How To Find Out If A Gun Is Stolen?
Safe purchases must always be your consideration on every transaction dealing with guns. Suspicions, whether you are buying a clean gun or a stolen one, may come into your mind.
Some states may require registration for firearms. Since a national gun database does not exist as of the moment, you may want to know how to check if a gun is stolen.
It is best to do this safety check before purchasing a gun from an online market or a gun dealer. But suspicion may come after purchase. This guide will help you through for both situations.
Why Is It Important To Verify Guns?
Federally licensed gun dealers surprisingly discover that some of their guns are missing upon inventory. Tens of thousands of guns are missing because of theft, undocumented purchases, and neglectful recordkeeping.
Regardless of these reasons, missing guns are risky to the public. It may end up on an illegal market with criminals as top customers. Worst case scenario: your private dealer may be one of those illegal market vendors.
Another scenario of gun theft is due to owners leaving their guns on their cars. This is the easiest route for thieves to steal guns, especially on unattended cars. With the same endpoint, guns stolen from cars may be illegally marketed.
With these things in mind, you must be suspicious when buying guns, especially from private individuals.
How To Know If A Gun Is Stolen?
Here is a step-by-step instruction that you should follow to verify the gun you have or you are planning to purchase. In every step, use your own judgment to determine the status of your gun.
- Compare the selling price of the suspicious gun to the manufacturer’s price and other sellers’ price.
- Verify the integrity of the seller through proof of purchase.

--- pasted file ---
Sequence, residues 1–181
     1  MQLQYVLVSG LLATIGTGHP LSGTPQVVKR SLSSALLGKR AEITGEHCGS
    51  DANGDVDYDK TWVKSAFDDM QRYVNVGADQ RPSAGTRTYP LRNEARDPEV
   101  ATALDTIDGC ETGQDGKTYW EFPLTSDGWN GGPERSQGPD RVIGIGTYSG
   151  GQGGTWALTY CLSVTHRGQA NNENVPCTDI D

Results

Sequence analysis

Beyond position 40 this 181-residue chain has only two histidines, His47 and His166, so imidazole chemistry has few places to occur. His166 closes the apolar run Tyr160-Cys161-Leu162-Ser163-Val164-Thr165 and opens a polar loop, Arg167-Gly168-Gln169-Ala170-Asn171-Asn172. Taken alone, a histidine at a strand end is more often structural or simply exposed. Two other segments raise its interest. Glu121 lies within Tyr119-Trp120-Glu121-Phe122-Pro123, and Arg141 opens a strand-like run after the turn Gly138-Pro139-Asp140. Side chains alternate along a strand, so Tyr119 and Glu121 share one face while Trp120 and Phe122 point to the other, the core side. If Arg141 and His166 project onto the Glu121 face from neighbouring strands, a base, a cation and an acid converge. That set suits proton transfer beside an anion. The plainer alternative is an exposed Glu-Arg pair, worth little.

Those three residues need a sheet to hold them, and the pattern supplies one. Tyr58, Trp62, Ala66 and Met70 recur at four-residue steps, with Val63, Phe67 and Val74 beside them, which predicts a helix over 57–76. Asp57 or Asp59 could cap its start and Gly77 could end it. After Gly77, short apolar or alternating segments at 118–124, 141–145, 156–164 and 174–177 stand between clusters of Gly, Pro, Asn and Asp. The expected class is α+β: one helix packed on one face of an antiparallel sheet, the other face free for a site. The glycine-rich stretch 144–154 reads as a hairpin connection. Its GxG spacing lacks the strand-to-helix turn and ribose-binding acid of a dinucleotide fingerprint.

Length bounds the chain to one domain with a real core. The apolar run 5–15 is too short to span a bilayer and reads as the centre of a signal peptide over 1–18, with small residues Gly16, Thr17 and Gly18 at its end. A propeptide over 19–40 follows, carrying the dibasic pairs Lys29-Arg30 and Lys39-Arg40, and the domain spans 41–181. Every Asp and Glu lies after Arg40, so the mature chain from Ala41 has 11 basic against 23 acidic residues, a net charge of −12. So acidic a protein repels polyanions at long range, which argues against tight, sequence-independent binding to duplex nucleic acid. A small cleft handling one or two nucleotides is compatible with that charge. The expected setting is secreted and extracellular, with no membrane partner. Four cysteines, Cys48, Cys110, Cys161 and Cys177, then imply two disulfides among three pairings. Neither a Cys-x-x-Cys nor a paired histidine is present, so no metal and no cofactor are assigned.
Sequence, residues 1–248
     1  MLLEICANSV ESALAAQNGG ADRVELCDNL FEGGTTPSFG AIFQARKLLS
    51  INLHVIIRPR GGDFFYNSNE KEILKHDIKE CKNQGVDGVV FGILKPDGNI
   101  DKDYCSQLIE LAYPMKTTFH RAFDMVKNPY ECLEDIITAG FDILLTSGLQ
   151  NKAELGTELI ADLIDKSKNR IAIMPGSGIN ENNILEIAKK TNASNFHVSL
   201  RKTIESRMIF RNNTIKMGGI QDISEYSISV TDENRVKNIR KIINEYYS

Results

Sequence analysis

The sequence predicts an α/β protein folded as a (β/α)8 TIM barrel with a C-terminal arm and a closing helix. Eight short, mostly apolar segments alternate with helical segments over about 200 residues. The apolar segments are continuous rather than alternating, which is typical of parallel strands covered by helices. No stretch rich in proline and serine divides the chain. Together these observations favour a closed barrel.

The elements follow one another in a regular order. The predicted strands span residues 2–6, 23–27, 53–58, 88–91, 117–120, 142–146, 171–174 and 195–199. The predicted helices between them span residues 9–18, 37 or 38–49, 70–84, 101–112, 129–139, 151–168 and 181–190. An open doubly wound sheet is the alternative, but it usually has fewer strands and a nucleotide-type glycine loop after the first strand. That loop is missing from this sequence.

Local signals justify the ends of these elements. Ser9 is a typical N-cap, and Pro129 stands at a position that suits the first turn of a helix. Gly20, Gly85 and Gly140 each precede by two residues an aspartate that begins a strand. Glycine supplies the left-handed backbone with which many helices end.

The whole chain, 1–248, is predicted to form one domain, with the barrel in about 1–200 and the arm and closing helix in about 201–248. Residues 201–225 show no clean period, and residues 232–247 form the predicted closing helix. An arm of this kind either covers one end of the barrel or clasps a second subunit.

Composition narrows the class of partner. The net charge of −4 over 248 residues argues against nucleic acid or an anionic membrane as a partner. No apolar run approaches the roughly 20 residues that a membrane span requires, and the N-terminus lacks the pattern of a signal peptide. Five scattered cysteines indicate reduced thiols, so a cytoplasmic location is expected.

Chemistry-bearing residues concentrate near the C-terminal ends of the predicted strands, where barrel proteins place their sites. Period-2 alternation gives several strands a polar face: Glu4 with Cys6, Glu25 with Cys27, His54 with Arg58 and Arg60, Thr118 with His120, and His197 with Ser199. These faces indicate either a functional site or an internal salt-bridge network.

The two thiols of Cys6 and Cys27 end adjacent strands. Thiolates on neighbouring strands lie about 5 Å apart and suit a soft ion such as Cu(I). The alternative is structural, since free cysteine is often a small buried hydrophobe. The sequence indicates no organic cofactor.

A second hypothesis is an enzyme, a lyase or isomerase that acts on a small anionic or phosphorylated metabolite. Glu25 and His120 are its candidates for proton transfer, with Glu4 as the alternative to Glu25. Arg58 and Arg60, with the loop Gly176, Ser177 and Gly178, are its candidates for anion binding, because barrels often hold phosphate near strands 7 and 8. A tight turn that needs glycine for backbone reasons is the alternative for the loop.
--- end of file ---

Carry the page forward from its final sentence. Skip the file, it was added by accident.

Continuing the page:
- Check online databases and government databases tailored for missing gun reports.
- Check if your local authority requires firearm registration.
Selling Price Serves As a Preliminary Warning
As a buyer, you need to make an initial judgment with regards to the selling price of your chosen gun dealer. It is advisable to compare your dealer’s selling price to the manufacturer’s price and other sellers’ price.
If the price is close to the manufacturer’s price, you are somehow safe. In case you perceived a big price difference, you need to put extreme caution. Stolen guns are usually sold in the marketplace at an extremely discounted price.
Ask your dealer with any justification with regards to the selling price. If the gun is pre-owned, you must consider how long the previous owner possessed it.
With this additional detail, compare your dealer’s selling price to other secondhand dealers. Your dealer may also claim that it has slight defects and it needs a little workaround.
Your suspicion may not reside in spite of an acceptable or justifiable selling price. Though this may not deal directly with the gun, it helps to verify the integrity of your dealer.
Keep this in mind: signed receipts or bill of sale became your solid proof when authorities caught you owning a stolen gun. So always ensure your receipts upon transaction. If the dealer resists on giving you a receipt, then don’t buy the gun!